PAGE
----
Explorations in Black Leadership

Co-Directed by Phyllis Leffler & Julian Bond

What Makes a Great Leader?

BOND: Let me ask you — some people categorize the making of leaders in three ways. Number one, great people cause great events. Number two, movements make leaders. And number three, the confluence of unpredictable events creates leaders appropriate for the time. Which of these, if any, fits you? Great people cause great events. Movements make leaders. The confluence of unpredictable events creates leaders appropriate for the time.

WILLIAMS: Yeah — and I like that and I've heard that classification. I like it more than the simple "Is it society or the great person?" theory. And if, you know, I were to say — and with me, it isn't really a combination. It's clearly not one dominant person coming in influencing events. That's not true and it's not a movement. A little bit of it is the movement offering up someone. There is a movement in the city for truth in lending, fiscal soundness, faith and credit, all these kind of terms of art that I came to represent, so a little bit of it was that, but a lot of it was — hopefully, I wasn't drunk like General [Ulysses S.] Grant but I was out in the right time and confluence of events, I was there at the moment.

BOND: The government was broken, you demonstrated you could fix it, and — so this is — in some ways, we couldn't have predicted the government would go broke. Maybe if we'd paid more attention. And we couldn't predict that the Control Board would be set up and you would become its head and we couldn't predict that you'd be the success that you were, so this is a confluence of unpredictable events, creates a leadership figure appropriate for the times. So — now, is your legitimacy as a leader tied to your ability to persuade people to follow your vision or your ability to articulate a vision, an agenda? These are sort of the same thing, but what makes you legitimate as a leader? You become the mayor. Here you are. How do you maintain legitimacy? It's not a matter, I don't think, of style because you brought this style with you. How do you maintain legitimacy?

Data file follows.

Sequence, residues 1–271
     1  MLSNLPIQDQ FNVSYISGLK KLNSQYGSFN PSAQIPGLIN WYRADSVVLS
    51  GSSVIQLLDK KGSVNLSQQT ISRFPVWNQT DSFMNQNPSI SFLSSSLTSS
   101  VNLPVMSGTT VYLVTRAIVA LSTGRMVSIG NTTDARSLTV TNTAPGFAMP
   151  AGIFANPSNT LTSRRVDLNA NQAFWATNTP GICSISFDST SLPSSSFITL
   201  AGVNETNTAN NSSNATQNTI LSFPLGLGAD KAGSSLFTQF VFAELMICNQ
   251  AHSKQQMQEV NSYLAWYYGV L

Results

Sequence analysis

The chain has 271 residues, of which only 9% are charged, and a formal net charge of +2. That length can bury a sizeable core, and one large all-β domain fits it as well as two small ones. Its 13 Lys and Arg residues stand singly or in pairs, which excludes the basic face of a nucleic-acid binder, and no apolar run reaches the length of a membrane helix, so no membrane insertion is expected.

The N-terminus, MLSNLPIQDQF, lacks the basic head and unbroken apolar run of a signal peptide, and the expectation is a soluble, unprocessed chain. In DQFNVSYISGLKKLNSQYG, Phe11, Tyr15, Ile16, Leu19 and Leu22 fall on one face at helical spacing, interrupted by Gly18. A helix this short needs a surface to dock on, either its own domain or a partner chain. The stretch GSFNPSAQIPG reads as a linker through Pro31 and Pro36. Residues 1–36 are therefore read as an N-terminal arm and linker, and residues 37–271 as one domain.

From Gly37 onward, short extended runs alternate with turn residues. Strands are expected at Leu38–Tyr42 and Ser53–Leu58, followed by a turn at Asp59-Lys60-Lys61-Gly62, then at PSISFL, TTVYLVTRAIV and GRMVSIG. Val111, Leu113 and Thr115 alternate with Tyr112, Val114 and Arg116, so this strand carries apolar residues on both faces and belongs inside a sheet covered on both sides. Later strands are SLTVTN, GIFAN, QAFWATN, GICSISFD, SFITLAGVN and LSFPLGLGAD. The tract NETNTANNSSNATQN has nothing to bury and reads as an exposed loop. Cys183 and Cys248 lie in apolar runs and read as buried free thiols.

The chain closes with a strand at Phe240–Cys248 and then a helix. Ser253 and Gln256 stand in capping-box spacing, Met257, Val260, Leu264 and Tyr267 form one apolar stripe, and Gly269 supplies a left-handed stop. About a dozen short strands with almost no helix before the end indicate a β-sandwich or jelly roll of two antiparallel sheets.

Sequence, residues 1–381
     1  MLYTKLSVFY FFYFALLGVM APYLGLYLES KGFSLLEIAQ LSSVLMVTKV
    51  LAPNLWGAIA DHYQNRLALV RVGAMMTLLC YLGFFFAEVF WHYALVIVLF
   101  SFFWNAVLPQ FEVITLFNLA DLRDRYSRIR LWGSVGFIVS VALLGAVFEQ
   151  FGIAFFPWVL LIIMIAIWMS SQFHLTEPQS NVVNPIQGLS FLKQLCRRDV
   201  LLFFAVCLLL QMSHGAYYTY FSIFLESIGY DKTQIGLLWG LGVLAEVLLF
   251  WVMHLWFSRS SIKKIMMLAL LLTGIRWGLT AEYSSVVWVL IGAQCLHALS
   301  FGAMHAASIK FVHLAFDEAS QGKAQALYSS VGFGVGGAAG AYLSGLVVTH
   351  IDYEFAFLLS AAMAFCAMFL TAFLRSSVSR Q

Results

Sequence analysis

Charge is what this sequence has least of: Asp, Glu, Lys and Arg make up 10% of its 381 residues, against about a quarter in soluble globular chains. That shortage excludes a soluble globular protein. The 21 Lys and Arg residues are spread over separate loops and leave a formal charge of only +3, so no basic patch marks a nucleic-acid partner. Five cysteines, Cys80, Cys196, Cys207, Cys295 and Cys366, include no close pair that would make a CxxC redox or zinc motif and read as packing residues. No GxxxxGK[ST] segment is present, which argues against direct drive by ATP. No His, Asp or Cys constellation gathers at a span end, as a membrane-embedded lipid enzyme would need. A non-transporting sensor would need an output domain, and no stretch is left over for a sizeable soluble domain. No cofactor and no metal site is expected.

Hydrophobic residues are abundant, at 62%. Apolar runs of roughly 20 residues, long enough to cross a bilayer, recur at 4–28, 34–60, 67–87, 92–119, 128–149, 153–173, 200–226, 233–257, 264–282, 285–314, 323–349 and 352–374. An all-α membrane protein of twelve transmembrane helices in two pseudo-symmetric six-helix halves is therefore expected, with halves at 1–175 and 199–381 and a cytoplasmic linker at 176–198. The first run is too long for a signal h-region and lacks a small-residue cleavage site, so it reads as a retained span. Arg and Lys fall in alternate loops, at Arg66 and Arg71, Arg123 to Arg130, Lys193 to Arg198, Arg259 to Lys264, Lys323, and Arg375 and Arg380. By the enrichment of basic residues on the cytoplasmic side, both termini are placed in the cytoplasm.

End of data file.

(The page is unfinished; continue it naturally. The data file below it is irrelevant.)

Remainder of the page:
WILLIAMS: Well, your leadership will take on the form and function and characteristics of your circumstances, so if you're in business, it'd be one thing. In a faith situation, it'd be another. And a mayor, you're the leader because you're demonstrating results in your different roles. And if you're not demonstrating results, ultimately in your different roles you represent, then you're not going to be successful.

So for me, one role is as the mayor, you're the steward of the city. So how are the resources of the city doing? Oh, they're doing good. You're the chief constable of the city. How's public safety doing? Generally doing pretty good. It's going in the right direction. Crime's going down. You're the chief cheerleader for the city. How's investment going? Oh, $35 billion dollars in new investment. Oh, definitely doing good there. You're the leader of getting the city rallied around big things, make the city feel better for itself, you know. I mean, there're a lot of things that have happened in that capacity and then, ultimately, it's, can you get the city focused on some things they didn't even think of before but comes to agree are good things. I would say, for example, the Anacostia Waterfront is an example of that.